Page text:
Will Amazon for Hospitality Take Off?

January 16, 2019


While attending a marketing conference not long ago, a couple of our people noticed a curious addition to their hotel rooms: Alexa. Adjacent to the virtual assistant on the dresser was a friendly card from the hotel mentioning all the things that Alexa can do to make their stay more comfortable.

It’s all part of Amazon’s Alexa For Hospitality initiative that has virtual assistants popping up in hotel rooms from coast to coast. Amazon has portrayed Alexa for Hospitality as a way for hotel brands to “deliver immersive experiences, delight guests, and improve productivity.” The tech giant goes on to say, “Alexa allows you to customize your hotel experience so guests can access your services and amenities from the comfort of their own room.”

The upside to marketers is clear. Integrating virtual assistants into the guest experience helps portray the brand as fresh and contemporary. This is especially true when it comes to attracting younger generations of travelers who expect a digitally seamless travel experience.

From a marketing perspective, adding a virtual assistant to the experience sounds like a no brainer. The question is, do travelers really want to share a room with the always-on Alexa?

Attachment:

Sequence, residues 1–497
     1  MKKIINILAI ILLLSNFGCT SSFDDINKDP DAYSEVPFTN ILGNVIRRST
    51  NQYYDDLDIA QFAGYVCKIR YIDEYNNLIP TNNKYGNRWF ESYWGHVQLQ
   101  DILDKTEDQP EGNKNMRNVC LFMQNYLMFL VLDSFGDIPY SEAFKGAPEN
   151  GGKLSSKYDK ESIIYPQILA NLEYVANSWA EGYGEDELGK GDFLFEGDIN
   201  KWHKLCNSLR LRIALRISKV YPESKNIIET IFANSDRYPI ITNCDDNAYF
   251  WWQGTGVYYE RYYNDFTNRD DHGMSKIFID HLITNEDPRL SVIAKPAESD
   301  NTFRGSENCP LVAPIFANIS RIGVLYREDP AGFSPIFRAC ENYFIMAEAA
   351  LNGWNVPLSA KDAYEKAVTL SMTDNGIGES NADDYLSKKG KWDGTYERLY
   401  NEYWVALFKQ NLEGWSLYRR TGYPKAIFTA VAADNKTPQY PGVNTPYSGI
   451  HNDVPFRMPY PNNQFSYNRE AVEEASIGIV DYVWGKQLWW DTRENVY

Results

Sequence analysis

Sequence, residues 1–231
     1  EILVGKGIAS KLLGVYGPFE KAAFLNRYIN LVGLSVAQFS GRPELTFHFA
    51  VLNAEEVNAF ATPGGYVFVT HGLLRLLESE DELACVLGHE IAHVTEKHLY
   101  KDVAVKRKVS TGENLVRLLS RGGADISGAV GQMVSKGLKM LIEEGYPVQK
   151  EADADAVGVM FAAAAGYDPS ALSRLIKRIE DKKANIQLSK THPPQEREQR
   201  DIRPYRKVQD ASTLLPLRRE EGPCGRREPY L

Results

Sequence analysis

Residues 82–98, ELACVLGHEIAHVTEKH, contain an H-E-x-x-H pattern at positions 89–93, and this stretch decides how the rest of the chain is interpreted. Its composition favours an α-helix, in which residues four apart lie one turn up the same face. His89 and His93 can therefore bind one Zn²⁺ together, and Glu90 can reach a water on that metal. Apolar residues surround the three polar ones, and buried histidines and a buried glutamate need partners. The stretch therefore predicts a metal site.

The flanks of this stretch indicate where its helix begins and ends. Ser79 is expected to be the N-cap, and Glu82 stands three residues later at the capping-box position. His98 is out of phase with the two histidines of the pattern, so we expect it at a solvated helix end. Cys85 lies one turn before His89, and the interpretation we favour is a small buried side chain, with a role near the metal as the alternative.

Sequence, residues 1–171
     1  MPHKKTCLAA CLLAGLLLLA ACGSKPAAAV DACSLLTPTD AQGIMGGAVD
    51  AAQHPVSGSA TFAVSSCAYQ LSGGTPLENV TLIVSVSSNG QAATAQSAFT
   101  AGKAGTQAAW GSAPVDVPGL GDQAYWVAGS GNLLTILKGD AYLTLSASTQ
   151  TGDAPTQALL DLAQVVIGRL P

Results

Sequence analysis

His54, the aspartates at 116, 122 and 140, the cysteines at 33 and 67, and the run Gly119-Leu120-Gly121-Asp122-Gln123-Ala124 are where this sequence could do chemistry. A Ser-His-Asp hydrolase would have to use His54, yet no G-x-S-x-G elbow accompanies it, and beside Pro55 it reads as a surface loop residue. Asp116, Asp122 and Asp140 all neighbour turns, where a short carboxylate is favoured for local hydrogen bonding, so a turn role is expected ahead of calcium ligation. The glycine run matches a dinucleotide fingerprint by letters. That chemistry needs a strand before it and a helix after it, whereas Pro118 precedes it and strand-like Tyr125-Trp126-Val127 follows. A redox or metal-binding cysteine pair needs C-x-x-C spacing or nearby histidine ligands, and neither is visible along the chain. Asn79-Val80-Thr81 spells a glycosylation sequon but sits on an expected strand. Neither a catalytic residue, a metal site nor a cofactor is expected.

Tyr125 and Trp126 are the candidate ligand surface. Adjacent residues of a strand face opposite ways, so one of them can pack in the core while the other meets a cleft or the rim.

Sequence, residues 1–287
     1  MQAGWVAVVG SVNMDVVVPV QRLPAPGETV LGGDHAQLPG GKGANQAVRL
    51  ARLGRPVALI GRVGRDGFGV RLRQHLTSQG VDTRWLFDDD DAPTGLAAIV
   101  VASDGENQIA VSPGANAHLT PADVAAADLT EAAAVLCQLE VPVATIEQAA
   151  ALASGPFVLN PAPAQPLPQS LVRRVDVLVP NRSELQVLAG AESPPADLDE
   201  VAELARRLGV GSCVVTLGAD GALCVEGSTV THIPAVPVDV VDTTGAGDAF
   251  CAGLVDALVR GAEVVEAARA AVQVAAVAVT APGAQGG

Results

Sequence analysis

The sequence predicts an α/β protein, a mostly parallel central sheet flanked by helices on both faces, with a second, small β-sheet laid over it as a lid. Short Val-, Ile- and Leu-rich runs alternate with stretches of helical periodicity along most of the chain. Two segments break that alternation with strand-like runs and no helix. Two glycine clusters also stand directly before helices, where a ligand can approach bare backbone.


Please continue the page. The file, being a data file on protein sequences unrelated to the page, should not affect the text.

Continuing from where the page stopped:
Convenient? Definitely.

Marriott has already started integrating Alexa across a portfolio of select hotels. They give guests easy access to hotel information, concierge and other guest services, music, and even the ability to adjust room controls like lights and temperature.

At the Omni Hotel where our team was staying, you could use Alexa to order basic toiletries like a toothbrush, which would then be delivered to your room by a robot butler.

Meanwhile, back at the conference…

So for all the convenience and brand equity, it was interesting when, downstairs at the conference, an informal survey revealed how a number people had reacted to having Alexa in their rooms. They immediately unplugged it. For them, having Alexa listening in was just too creepy.

It’s a issue echoed in a recent Verge article that broke down how some hotel guests may feel about Alexa in the room. Among the concerns: is Alexa always listening? What’s happening to guest recordings? Are they automatically deleted after the stay? And what’s being done with the data after I check out?

For its part, Amazon promises daily deletions of data, and assures that hotels shall have no access to either the voice recordings or Alexa’s responses. And the Amazon promise of “making a great customer experience simple” is an attractive one for any marketer.

Still, it wasn’t so long ago when Amazon took heat for recording and emailing out private conversations of a couple in their own home. Are travelers ready to trust Alexa in a strange hotel room?

Too soon to tell

The real make or break moment for this trend will likely come when Amazon for Hospitality allows users to link the device in their hotel rooms to their personal accounts, giving them access to their own music lists, audiobooks, and more. Until then, the jury will probably stay out.

And many of those Alexa units will probably stay unplugged.

Topics:amazon for hospitality